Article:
The pristine state of Odisha (in the eastern part of India) is known for its magnificent temples, rich and unique culture and simplicity of its people. ‘Odias’ all over the world celebrate a lot of cultural fairs and festivals, which have deep roots in the tradition of Odisha. There are a number of festivals celebrated in this state. The adage which states – “Thirteen festivals in twelve months” clearly justifies the essence of Odisha and its festive celebrations. Recently, this beautiful state celebrated a four-day long festival with great pomp and show. What makes this festival even more special is its significance – it celebrates ‘womanhood’!!
So today, we’ll elaborate more on a very popular festival of Odisha – “Raja Parba”. Before we get started, let me first clarify the pronunciation of this festival – “raw-jaw” (that’s the only way in English, to get non-Odia speakers to say it right)!
ABOUT RAJA PARBA
Raja Parba is a four day long festival and the second day signifies beginning of the solar month of ‘Mithuna’ from which the monsoon season of rains starts.
‘Raja Parba’ is a celebration of menstruation and womanhood. It is based on the belief that Mother Earth menstruates for those three days and she is given a ceremonial bath on the fourth day. For those three days, no agricultural activity like ploughing or sowing takes place as Mother Earth is expected to be going through rejuvenation.
In a country where it is common to shun women from social life when they are menstruating, Odisha stands out.
The day before first day is called Sajabaja or preparatory day during which the house, kitchen including grinding stones are cleaned. First day is called Pahili Raja, Second day is Mithuna Sankranti, Third day is Basi Raja and the final Fourth day is called Vasumati snan.
During the first day observed as ‘Pahili Raja’, several traditional events are organized such as swaying upon various swings named as Ram Doli, Dandi Doli and so on. The second day is celebrated as Raja, which is simply known as ‘Mithuna Sankranti’. ‘Basi Raja’ is the third day, which marks the completion of menstruation period. The final fourth day ‘Vasumati Snan’ marks the day in which the ladies bath the grinding stone as a symbol of Bhumi (read : Earth) with turmeric paste and adorn with flower, sindoor etc. All type of seasonal fruits are offered to mother Bhumi.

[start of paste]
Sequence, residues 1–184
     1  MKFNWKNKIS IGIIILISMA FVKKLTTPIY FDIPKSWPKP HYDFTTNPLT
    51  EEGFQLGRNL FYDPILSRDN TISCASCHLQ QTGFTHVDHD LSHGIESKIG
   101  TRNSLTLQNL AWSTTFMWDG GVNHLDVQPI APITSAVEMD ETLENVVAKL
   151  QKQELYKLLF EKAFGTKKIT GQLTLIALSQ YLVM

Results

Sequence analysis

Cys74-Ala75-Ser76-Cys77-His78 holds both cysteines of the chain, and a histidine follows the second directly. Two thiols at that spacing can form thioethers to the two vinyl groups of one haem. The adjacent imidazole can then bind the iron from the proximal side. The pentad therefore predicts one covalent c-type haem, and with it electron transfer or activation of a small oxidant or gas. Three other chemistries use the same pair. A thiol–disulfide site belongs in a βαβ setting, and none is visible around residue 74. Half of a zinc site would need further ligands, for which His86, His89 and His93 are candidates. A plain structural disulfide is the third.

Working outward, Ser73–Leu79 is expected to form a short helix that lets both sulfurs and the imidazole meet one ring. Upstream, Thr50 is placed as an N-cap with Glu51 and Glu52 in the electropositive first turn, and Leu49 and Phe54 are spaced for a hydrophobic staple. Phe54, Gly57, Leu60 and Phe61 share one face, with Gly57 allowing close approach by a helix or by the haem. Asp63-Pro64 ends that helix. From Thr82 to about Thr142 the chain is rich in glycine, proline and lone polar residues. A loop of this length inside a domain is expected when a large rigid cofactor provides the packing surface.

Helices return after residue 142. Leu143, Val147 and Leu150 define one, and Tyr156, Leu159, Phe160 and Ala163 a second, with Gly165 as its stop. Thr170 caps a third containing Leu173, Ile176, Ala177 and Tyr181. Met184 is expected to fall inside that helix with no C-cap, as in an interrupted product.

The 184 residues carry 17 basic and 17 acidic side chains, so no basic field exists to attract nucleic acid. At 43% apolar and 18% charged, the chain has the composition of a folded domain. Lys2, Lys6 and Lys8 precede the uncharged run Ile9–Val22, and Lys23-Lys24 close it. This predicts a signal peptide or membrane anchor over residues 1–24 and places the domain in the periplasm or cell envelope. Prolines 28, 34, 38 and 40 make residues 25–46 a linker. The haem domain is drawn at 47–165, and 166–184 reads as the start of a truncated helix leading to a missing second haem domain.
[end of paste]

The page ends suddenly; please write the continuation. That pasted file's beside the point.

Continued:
Just as the earth prepares itself to quench its thirst by the incoming rain, the unmarried girls of the family are groomed for impeding matrimony through this festival. They celebrate the first three days in joyous festivity and observe customs like eating only uncooked and nourishing food especially ‘Podapitha’, do not walk barefooted and vow to give birth to healthy children in future. During these three days, women and girls take rest from work and wear new clothes to celebrate womanhood.
The most vivid and enjoyable memories one has of the Raja gaiety is the rope-swings on big banyan trees and the lyrical folk-songs that one listens while enjoying the atmosphere.
SIGNIFICANCE OF RAJA PARBA
The festival, which started as a tribal practice, has now spread to all parts of Odisha. Though it has undergone a lot of changes over time, it still revolves around respecting and celebrating women.
Until the fourth day, which is called Vasumati Snana, the day of the ceremonial bath, women and young girls do not take part in cooking and instead, play games and celebrate. Men also take part in this festival, conducted around the middle of June every year.
And the most remarkable aspect of this festival remains intact – “CELEBRATE WOMANHOOD”! In the patriarchal setup practiced in Indian society, it is rare to see such extensive and proud celebration of womanhood and respecting women in general. Most importantly, it breaks the taboo against a basic biological aspect of women – MENSTRUATION.
Hats off to this state’s unique way of encouraging a gender-equality based upbringing!
A renowned social activist Manjo Jena had once said,
“Everyone who thinks women are impure during their periods should see how Odisha celebrates Raja. Those who believe the menstrual blood to be impure should know that the same kept a life on for nine months inside the mother’s womb.”
This year, while the beautiful state of Odisha just concluded its Raja festivities on June 17, I reminisce about the good old memories of this grand festival in my childhood. Raja Parba – It might not be as glamorous as the other festivals celebrated in the country, but it’s definitely a festival of practical significance in today’s world. It depicts the true spirit of humanity, the spirit of womanhood. It shows how great the quality of thinking of our ancestors was, who were way above unnecessary and derogatory bias against women during menstruation.